In the poor neighborhoods of Tijuana where I led mission trips for many years – the only public service provided these communities is water. No electricity, no sewers, not even decent roads. Only water…trucked into the neighborhoods several times a day. Water – beyond roads, sewers, electricity - is the one thing that is absolutely necessary. I grew up in the Imperial Valley – a true desert. And the fundamental importance of water was completely apparent every day. Water is carried into the valley in canals, and this irrigation water made a stark and stunning difference – on the irrigated side of the canal were fields of alfalfa, lettuce, barley, – on the non-irrigated sides of the canal was rock and cactus…nothing but dusty, deadly desert.

But we’re fortunate. We’ve never been in the position the Israelites were in, wandering out there in the desert. They were following a God who had led them out of slavery and fed them daily with manna and quail. But now, following God, they thought they’d come to a dead end. Their children and livestock – their babies, their goats, their cattle, their chickens, their dreams – were traveling in an extremely barren place – not even shrubs to break the heat of the day – a desert wadi in which the temperatures rose dangerously high during the day, and plummeted frightfully low at night. They were dying of thirst. So, they complained.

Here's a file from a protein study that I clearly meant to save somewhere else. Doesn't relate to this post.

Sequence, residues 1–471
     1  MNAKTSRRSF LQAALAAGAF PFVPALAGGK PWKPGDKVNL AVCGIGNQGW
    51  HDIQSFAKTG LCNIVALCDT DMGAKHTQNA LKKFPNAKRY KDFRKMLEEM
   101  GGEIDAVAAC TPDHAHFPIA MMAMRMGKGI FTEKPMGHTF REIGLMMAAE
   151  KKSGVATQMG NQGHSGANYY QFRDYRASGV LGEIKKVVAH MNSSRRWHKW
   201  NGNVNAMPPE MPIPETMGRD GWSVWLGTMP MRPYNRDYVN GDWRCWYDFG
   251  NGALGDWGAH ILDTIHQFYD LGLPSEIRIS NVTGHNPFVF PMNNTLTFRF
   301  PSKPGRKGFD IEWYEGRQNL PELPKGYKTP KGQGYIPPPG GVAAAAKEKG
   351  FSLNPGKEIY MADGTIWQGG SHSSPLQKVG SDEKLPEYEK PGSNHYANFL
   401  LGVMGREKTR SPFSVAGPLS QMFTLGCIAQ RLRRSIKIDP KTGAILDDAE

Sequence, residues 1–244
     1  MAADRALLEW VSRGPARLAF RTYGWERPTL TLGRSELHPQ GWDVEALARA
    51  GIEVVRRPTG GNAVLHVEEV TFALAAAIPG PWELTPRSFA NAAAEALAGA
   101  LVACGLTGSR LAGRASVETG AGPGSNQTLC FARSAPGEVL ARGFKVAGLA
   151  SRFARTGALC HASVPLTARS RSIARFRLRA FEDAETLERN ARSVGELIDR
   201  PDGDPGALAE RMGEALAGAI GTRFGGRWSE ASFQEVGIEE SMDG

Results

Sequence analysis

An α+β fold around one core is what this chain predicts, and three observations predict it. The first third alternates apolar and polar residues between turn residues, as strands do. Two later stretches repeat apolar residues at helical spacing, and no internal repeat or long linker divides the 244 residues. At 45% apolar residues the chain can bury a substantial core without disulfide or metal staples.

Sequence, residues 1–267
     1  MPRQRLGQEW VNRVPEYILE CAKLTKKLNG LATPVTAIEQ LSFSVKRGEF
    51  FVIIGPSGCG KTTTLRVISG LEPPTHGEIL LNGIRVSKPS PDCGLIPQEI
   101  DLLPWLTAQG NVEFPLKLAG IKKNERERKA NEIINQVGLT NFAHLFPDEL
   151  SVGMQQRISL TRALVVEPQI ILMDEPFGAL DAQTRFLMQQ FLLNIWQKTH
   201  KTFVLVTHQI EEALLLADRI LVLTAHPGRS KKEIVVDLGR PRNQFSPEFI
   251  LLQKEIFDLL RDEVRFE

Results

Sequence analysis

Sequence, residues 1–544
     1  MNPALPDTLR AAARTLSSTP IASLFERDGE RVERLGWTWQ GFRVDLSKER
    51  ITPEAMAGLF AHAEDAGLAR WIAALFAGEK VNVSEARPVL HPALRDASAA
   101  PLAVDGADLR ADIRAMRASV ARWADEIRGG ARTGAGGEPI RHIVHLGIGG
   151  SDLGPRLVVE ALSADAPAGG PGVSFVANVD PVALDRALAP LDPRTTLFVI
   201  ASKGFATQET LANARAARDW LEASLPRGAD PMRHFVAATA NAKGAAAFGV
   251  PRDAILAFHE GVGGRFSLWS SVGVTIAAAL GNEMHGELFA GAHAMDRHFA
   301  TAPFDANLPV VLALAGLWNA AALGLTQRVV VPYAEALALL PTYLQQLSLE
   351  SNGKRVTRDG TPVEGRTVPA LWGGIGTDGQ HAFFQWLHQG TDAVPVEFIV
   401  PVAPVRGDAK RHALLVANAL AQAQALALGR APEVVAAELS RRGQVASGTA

“Is the Lord among us or not?” "Yes, we’ve gotten freedom. Yes, we’ve been miraculously saved from the army. Yes, we’ve gotten good food. Yes, we’ve seen the Lord’s presence leading us day by day, night by night. But now our lips are dry. Our tongues are swollen. We’re dying."